Conferences earn their reputations relative to each other when they play non-conference (or inter-conference) games. Win a bunch and your reputation soars; lose these games and, well, you’re just a loser. With that in mind, how does the ACC compare to the other major football conferences?
We’ve seen three weeks, or almost one quarter of a season of college football, so far. What have we learned? If you just look at the raw numbers tossed out by most newspapers, magazines, websites, and ESPN, you’ll see something like this:
Many people would point to these numbers and say “See, the Big 12 and the SEC are clearly the two best conferences!” Never mind for the moment that the SEC only leads the ACC by one game in 30; this chart doesn’t tell the whole story. In particular, this doesn’t tell us anything about the quality of those wins.
What if we only look at non-conference games versus teams from the six BCS AQ conferences? (That means we will be including games against the Big East). Here’s how those results look:
No, there isn’t. Through week #3, the SEC has the worst record of any of the five major football conferences against BCS AQ-quality opponents. Furthermore, while the Big 12 remains in the top spot, your eye is drawn to how small the sample size is — only four games against BCS teams? What are they doing over there in Big 12 country?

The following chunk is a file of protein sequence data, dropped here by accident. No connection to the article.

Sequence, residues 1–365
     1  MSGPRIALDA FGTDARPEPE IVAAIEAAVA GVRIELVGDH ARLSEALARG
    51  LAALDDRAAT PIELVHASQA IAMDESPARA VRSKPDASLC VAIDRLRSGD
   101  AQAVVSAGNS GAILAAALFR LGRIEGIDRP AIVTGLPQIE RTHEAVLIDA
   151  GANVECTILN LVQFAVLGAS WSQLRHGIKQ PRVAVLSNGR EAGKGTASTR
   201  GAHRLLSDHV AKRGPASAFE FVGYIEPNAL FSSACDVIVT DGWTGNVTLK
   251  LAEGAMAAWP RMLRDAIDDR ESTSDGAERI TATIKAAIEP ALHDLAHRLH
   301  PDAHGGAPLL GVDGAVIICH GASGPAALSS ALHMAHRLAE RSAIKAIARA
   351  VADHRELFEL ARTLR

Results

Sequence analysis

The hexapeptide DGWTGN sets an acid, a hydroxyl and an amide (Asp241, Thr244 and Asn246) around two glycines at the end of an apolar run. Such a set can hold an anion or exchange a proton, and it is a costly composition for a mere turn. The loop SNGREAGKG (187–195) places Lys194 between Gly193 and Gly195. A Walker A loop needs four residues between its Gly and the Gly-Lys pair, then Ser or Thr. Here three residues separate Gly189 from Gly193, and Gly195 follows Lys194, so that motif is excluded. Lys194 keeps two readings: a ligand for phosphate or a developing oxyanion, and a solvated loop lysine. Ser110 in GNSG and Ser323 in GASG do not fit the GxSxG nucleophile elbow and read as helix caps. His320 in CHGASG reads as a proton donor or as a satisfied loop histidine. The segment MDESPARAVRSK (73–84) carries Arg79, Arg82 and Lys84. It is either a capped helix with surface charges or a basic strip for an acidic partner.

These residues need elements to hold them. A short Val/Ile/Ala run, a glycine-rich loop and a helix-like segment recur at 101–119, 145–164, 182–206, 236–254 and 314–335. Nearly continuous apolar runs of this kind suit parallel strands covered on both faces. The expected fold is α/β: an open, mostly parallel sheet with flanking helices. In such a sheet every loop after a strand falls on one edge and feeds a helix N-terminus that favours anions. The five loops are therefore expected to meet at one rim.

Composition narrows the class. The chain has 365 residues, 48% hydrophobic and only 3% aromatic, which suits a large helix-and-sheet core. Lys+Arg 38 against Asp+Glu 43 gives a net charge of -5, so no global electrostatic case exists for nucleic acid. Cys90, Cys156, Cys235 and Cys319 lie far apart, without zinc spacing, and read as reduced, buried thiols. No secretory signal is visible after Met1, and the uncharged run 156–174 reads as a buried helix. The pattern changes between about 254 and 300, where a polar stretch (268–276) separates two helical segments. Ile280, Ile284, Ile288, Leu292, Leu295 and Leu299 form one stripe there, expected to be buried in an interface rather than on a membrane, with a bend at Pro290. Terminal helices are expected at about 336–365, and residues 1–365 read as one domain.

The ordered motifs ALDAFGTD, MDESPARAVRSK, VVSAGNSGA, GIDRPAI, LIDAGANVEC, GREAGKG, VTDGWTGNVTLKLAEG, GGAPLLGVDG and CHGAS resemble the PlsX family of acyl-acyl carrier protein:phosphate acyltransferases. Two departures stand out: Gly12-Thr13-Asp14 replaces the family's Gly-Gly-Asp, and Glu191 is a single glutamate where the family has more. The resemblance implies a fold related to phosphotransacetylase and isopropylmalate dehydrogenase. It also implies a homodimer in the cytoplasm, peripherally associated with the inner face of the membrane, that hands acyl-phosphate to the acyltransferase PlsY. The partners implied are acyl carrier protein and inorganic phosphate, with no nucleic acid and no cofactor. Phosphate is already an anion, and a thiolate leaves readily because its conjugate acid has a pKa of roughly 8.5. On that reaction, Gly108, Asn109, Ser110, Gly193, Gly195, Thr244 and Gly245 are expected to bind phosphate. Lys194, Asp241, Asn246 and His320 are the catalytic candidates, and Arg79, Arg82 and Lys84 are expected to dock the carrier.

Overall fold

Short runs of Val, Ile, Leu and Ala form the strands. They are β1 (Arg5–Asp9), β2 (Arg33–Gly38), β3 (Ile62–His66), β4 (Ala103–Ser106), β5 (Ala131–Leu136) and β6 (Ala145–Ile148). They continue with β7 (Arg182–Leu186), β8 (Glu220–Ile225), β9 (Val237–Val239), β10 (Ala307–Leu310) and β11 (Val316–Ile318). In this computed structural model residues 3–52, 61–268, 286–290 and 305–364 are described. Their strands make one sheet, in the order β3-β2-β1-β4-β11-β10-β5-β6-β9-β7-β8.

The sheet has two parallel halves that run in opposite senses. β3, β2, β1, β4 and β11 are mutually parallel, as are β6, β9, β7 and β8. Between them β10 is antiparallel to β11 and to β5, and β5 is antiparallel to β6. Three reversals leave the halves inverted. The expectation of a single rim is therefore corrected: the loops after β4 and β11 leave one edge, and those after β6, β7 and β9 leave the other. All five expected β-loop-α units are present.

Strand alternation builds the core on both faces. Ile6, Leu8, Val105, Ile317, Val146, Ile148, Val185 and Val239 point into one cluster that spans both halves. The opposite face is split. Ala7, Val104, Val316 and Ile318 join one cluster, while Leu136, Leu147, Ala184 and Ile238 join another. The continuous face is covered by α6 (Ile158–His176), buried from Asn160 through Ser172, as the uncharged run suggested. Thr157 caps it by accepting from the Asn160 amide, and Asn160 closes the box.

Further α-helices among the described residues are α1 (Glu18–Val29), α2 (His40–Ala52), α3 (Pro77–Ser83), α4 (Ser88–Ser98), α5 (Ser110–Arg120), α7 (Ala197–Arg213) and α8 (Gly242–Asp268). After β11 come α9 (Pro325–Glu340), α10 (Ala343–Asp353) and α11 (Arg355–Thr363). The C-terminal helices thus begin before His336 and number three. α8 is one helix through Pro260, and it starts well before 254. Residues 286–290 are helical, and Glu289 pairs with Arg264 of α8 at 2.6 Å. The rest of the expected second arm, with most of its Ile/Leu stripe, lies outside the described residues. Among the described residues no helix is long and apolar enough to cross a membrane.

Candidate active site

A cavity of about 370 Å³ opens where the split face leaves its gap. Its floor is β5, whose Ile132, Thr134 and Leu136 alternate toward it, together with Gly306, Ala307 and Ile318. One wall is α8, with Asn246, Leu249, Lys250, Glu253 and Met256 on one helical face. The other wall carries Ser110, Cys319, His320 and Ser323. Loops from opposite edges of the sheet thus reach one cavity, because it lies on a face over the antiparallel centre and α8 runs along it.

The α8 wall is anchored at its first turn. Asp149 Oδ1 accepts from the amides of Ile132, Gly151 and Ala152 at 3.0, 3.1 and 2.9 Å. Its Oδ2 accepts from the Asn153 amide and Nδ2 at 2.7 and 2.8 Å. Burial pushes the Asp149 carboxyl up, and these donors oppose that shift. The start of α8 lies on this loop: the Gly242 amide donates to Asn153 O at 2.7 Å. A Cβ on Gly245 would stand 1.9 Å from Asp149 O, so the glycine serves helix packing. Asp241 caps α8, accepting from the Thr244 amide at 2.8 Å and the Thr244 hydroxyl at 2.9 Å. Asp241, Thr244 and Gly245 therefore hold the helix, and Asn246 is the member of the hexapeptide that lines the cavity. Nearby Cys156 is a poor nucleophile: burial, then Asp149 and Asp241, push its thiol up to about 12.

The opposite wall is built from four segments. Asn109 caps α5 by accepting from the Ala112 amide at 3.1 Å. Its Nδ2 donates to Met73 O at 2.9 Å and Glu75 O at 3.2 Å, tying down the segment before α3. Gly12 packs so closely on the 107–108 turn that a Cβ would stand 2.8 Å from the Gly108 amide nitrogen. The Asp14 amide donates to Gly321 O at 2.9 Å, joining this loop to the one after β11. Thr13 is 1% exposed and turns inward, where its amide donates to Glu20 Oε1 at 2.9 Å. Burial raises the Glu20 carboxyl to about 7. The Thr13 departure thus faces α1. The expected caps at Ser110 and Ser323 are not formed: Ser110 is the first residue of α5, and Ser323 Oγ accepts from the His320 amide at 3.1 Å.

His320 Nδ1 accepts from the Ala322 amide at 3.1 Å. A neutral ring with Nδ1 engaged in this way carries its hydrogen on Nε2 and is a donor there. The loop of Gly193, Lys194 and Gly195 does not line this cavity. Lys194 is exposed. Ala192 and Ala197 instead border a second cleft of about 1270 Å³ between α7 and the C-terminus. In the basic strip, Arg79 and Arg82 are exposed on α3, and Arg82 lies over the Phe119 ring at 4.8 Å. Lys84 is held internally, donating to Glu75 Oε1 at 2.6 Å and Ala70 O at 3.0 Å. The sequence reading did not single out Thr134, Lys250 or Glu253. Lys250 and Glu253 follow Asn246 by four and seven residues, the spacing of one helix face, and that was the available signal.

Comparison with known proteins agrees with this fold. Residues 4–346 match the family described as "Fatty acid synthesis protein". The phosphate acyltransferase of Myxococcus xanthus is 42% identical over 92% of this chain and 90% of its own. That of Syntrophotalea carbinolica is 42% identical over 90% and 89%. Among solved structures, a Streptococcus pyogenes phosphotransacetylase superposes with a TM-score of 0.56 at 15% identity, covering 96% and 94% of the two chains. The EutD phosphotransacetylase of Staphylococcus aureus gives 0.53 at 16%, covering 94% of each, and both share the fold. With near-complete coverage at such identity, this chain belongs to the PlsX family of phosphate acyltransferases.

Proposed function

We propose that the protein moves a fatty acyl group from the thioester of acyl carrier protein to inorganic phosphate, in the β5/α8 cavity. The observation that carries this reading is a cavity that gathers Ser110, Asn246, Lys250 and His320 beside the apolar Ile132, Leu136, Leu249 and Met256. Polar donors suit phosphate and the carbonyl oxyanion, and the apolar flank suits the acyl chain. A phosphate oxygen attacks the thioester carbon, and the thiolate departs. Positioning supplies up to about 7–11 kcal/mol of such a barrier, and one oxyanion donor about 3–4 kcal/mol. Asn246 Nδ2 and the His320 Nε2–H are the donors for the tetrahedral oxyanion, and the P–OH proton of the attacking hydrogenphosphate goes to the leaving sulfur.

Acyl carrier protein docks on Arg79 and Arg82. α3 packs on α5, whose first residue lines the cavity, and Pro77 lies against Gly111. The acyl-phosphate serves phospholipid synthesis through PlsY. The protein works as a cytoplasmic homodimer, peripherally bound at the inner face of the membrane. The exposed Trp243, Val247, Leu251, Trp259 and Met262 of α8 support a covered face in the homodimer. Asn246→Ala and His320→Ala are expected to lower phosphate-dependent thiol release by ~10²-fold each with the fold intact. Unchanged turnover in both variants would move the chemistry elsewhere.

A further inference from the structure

I’ll tell you what they are doing – they are getting fat on cupcakes! Here are the conference records against non-AQ teams:
- The Big 12 is the smallest conference at only 10 teams, yet they have already played 20 games against non-BCS AQ teams (many of those were actually FCS teams). That is an average of two “cupcake” games per team!
- The only conference which is undefeated against non-BCS competition is the ACC. The Pac-12 has lost 5 such games! Even the mighty SEC has two of these bad losses.
In fact, we can evaluate conferences more accurately if we consider both “good” wins (i.e. wins over BCS opponents) as well as “bad” losses (i.e. losses to non-BCS opponents). Here is a chart summarizing these results:
Viewed this way, we see that the ACC has four “good” wins vs. no “bad” losses. The Big Ten and Pac-12 both have more quality wins, but they also have several embarrassing losses to counter balance them. Every major conference has more good wins than bad losses except the SEC, which is 2-2 in this regard.
As we stated earlier, this is only week four; there remains a lot of football to be played. Still, this is not an insignificant sample size, and from what I’m seeing, the 2012 version of ACC football is actually pretty good!
Read more from Hokie Mark over at ACCFootballRx, where he gives his prescription for fixing what ails the ACC on the gridiron.